I was working out at a globo-gym the other day and I am very used to seeing plenty of meatheads. You got the grunters that sound like they are having an orgasm. You have Super Benchman who only does 16 sets of 3 on the bench press and nothing else. And you have the conversationalist who spends at least 90 minutes at the gym but 80 of those minutes are spent talking to his buddies about how hard he's hitting the weights recently. You know exactly who I am talking about and you have seen these guys at every YMCA, Urban Active, Gold's, whatever. Well this past week I ran into a guy I knew that is a corrections officer. This dainty fellow is about 6'6" or more and right at about 400 lbs. He's not a big fatty, although he does have quite a bit on him, he's just a double-extra large man. While I was completing my 4th set at the squat rack for front squats I saw him get on the bench press. I figured it was typical of people like him. But then I saw him do something completely out of left field that made me make a double take. He was doing single arm bench presses with the 45 lb bar. To say my jaw hit the floor is a bit of an understatement.
If you have never done single arm bench press with a bar, or with dumbbells for that matter, then you probably don't know how much stability is involved with this. This exercise takes tremendous wrist strength to simply hold the bar. Again, it's 45 lbs. This guy didn't even load the bar at all, he was simply doing the bar for sets of 12. I walked over to him, being the nosy mobility/stability fiend I am, and asked him why he was doing that and where he learned it. He said his department was trying to incorporate more mobility and stability training so that they could better handle their job. Corrections officers frequently are in very tough situations, are often off balance when detaining an inmate, and have to move in many different directions. He said since he started doing exercises like this he was able to do his job much much better. He was still doing some basic power lifting exercises but he was throwing these type of movements in also. He said he had done some research on movement based training and found he was able to carry himself so much better. Keep in mind this guy is a flippin' mountain.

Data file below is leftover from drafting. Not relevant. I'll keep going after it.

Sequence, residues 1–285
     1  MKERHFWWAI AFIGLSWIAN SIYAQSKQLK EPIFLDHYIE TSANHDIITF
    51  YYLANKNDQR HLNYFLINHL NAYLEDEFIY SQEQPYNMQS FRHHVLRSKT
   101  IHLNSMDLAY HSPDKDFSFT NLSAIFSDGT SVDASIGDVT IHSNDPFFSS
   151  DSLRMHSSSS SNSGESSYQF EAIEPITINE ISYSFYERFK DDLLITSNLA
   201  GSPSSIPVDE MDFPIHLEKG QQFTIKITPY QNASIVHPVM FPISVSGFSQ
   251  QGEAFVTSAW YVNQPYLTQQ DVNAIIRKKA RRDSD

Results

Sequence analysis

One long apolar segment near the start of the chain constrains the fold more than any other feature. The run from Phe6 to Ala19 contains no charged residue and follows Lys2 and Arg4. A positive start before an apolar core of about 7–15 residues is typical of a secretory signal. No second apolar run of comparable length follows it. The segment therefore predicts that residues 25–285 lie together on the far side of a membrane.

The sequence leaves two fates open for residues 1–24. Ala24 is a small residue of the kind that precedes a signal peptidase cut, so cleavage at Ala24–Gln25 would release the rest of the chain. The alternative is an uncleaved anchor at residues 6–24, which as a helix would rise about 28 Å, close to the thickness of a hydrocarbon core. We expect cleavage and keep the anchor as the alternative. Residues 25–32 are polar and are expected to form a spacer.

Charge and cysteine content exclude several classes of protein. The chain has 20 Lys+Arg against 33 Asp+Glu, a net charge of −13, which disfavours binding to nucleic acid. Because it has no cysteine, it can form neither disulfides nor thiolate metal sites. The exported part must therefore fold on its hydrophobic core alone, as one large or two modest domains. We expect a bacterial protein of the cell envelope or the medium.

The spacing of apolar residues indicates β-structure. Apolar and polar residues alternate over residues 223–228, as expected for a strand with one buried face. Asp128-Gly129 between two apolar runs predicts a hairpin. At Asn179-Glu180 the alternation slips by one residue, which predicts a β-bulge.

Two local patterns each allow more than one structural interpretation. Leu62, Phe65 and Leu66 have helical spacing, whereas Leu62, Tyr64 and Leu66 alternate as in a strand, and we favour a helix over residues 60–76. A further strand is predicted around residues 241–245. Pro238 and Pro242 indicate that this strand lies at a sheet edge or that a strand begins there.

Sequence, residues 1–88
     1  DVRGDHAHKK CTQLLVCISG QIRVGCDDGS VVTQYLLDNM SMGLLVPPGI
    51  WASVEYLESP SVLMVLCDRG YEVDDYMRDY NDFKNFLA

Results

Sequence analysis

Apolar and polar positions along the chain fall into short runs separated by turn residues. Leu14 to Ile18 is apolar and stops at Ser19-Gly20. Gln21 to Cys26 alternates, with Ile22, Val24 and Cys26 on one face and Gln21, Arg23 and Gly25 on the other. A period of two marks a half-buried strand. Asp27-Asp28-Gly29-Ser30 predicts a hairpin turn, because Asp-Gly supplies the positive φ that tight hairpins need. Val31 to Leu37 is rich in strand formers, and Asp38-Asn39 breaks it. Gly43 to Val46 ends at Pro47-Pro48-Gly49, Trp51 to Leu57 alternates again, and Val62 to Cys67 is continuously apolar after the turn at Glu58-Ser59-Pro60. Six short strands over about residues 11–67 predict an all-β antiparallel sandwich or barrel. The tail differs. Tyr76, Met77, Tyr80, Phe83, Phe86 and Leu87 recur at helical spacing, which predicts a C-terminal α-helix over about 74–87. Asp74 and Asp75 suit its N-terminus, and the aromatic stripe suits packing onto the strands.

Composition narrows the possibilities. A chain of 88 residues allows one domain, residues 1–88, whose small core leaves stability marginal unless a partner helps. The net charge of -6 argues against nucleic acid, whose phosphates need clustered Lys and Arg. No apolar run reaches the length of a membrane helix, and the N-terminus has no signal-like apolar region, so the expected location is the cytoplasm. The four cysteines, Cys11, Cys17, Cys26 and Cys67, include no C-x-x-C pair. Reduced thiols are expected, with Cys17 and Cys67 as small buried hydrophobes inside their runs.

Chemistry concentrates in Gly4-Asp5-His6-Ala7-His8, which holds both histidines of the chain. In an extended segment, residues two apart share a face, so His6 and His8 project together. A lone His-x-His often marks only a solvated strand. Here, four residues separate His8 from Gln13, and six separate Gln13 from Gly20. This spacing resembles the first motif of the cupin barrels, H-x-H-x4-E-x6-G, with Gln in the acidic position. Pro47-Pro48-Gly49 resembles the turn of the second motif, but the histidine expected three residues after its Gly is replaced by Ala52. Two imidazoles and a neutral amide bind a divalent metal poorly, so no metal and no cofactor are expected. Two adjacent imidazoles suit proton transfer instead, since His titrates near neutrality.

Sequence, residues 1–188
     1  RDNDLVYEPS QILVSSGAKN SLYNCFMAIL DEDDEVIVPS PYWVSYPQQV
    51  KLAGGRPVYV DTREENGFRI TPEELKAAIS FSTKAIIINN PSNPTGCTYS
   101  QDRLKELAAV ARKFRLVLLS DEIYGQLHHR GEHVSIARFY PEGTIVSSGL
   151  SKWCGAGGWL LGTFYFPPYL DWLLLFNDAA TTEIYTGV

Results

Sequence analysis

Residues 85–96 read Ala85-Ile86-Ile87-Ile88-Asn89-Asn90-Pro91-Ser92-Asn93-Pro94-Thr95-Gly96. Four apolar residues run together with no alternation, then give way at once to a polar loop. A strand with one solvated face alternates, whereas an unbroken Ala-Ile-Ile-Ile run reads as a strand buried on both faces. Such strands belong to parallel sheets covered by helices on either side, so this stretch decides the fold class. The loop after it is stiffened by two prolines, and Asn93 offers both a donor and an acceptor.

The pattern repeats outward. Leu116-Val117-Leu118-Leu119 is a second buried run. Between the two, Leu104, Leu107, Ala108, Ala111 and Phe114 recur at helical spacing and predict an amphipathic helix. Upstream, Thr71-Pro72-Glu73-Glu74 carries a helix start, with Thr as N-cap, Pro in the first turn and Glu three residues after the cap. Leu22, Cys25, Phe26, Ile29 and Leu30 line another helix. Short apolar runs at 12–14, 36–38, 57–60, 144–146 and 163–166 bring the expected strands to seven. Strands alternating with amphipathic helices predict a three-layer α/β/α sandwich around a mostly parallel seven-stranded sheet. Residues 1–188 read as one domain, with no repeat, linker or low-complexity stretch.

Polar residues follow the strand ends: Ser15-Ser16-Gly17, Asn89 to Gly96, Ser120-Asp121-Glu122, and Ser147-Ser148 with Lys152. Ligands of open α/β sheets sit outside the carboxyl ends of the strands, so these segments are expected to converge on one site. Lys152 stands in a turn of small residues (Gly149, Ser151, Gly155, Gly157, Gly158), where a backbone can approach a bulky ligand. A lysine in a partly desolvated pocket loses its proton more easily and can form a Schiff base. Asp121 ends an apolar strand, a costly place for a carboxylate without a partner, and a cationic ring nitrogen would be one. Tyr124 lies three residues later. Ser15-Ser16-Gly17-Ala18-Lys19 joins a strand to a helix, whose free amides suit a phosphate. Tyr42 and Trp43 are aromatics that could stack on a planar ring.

My point in all of this is that mobility and stability training is moving into more than just your college and professional strength programs. It's hitting police departments, departments of corrections, fire departments, recreational athletes, and soccer moms that simply want to move better and thwart off that impending arthritis they think is genetic. I've already hyped MobilityWod, Gray Cook, Mike Boyle, Eric Cressey so I'm not going to beat that horse. But the word on this training is spreading. I am still new to the mobility/stability world and after attending a seminar a couple of weeks ago, I feel I have a ton more to learn still. If you aren't familiar with it, research those individuals and learn. Or contact me and I'd love to fill you in on what I know. The bottom line is I was very proud of this monster for incorporating this type of training and am very excited that the word is getting out on this.